Subido por Steve Cheng


W. T. Clarke Middle School
Renewable Energy:
Piezoelectricity and Practical Applications
What is the effect of different variables on the amount of
electricity outputted through the piezoelectric effect?
Roberto Sison
Science Research 8
Monday, January 9, 2017
Wind energy, hydroelectricity, solar power, geothermal energy, tidal energy. What do all
of these types of energy have in common? All of them are renewable, natural sources of energy
that humans harvest as a pollution-free alternative to fossil fuels. Exclusively harvesting energy
created by the natural processes of Earth and the affecting celestial bodies is a step towards a
greener and safer Earth. While the vast majority of media companies and corporations cover the
divulgation of these sources of energy, one sits in the shadows silently and unheard of.
Piezoelectricity, electricity generated through the means of mechanical stress on piezoelectric
materials, is seemingly always left out and never to be heard of. The presence of piezoelectricity
in media is subliminal when compared to the likes of other types of renewable energy. In recent
years however, piezoelectricity has been rising in popularity with companies beginning to
harvest and utilize piezoelectricity in dance floors to pacemakers to even ultrasound machines.
More intensive research may lead to piezoelectricity becoming a larger part of everyday human
activity as a contributing and renewable source of energy.
As previously mentioned,
certain clubs have been
generating piezoelectricity
from dance floors. Two of
these aforementioned clubs are
located in Rotterdam, the
Netherlands and another in
London, England. An article
written by The New York
Figure 1.1 (Trotter 2)
Times in 2008 has revealed that
Club Watt in Rotterdam, the Netherlands utilizes the piezoelectric effect created by the dancing
of people on the dance floor. All movement, whether it may be a step, stomp, or jump
compresses the floor. “…certain materials, when squeezed, develop a charge and produce
electricity. When people are dancing, the sustainable dance floor yields by about 1 centimeter –
less than half an inch – compressing cells containing piezoelectric material underneath”
(Rosenthal 3-4). This is known as the piezoelectric effect and this action generates a small
current of electricity. A model of the dance floor is shown in figure 1.1. “Still, the energy
produced by an average person dancing is about 20 watts’ worth, so two people could light a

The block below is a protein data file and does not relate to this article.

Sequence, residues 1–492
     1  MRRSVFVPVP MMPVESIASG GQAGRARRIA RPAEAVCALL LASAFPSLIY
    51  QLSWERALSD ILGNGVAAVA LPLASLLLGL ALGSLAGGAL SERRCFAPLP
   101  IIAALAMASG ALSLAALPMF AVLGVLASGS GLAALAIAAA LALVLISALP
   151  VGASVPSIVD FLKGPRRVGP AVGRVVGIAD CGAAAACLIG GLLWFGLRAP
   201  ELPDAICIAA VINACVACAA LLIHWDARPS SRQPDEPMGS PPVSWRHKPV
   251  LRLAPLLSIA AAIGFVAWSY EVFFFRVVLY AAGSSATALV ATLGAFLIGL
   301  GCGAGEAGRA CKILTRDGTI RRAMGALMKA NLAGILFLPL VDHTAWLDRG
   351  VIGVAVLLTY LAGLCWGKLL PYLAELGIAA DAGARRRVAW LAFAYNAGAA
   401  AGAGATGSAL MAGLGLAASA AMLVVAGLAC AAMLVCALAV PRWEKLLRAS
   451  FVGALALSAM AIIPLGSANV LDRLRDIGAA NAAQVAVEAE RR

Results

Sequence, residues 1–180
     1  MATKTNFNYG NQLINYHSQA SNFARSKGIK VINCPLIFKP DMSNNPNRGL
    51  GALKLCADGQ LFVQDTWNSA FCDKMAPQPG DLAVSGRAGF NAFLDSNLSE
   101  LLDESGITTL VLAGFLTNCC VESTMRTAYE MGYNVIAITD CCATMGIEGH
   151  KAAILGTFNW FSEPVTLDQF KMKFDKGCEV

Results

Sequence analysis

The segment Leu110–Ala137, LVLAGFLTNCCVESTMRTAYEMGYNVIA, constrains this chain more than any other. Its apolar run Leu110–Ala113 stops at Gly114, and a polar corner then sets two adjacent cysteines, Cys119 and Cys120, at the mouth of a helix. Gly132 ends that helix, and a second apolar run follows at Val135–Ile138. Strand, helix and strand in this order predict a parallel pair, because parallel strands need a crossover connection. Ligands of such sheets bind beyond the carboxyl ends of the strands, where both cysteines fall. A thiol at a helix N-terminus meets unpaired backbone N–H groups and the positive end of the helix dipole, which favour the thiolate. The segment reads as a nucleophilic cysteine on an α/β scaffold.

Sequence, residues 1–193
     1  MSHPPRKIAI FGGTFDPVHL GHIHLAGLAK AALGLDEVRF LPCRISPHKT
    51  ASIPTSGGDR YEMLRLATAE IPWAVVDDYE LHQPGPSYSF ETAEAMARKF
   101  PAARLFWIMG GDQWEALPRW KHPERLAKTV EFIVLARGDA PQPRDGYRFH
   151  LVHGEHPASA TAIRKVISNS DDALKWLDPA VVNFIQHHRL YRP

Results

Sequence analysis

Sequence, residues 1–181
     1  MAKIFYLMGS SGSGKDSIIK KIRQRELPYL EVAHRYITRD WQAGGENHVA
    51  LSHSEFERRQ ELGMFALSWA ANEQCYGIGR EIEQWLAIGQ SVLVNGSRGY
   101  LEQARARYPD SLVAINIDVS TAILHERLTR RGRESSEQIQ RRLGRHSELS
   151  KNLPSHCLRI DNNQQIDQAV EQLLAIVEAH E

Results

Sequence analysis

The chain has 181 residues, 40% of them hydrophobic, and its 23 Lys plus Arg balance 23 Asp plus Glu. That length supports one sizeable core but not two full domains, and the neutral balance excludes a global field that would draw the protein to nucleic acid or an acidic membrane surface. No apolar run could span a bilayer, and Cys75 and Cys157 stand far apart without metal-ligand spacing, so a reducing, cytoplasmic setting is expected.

bulb, Club Watt’s scientific consultants have found. Aryan Tieleman, one of the club’s owners,
hopes his sustainable dance floor will ultimately produce 10 percent of the club’s electricity”
(Rosenthal 2). Club Watt was the first club that used the movement of people on the dance floor
to generate piezoelectricity. The floor covers a total of 270 square feet and costed a whopping
$257,000. Tieleman has stated that the energy saved from the dance floor will not be able to
compensate for the cost. Due to the floor at Club Watt being a first-generation model, it is very
inefficient. Tieleman ventured into the world of piezoelectricity to raise awareness and to
generate attention from a business perspective. Later that year, a venue in London ventured into
the piezoelectric dance floor market. This club, Surya, by Club4Climate is the first case of
piezoelectric dance floors in Britain. Surya uses technology similar to the technology used in
Club Watt’s dance floor, but is vastly improved. “The venue’s most exciting innovation is the
piezoelectric dancefloor, which uses quartz crystals and ceramics to turn clubbers’ movement
into electricity” (Trotter 1) while the materials used by Club Watt’s floor remain unspecified.
The improved technology allows for 60% of the electricity demand to be generated from the
floor alone. Compared to the 10% generated by Club Watt’s floor, this jump in efficiency is a
massive improvement. The implementation of piezoelectric dance floors by Club Surya shows
the growth and expansion of the idea of piezoelectricity, which was originally brought up by
Club Watt. While piezoelectric dance floors have risen in popularity, piezoelectric technology in
other products has risen in popularity as well.
In human health, piezoelectricity is making an appearance in cardiac pacemakers. A
pacemaker by definition “…is a small device that's placed in the chest or abdomen to help
control abnormal heart rhythms. This device uses low-energy electrical pulses to prompt the
heart to beat at a normal rate… Pacemakers are used to treat arrhythmias. Arrhythmias are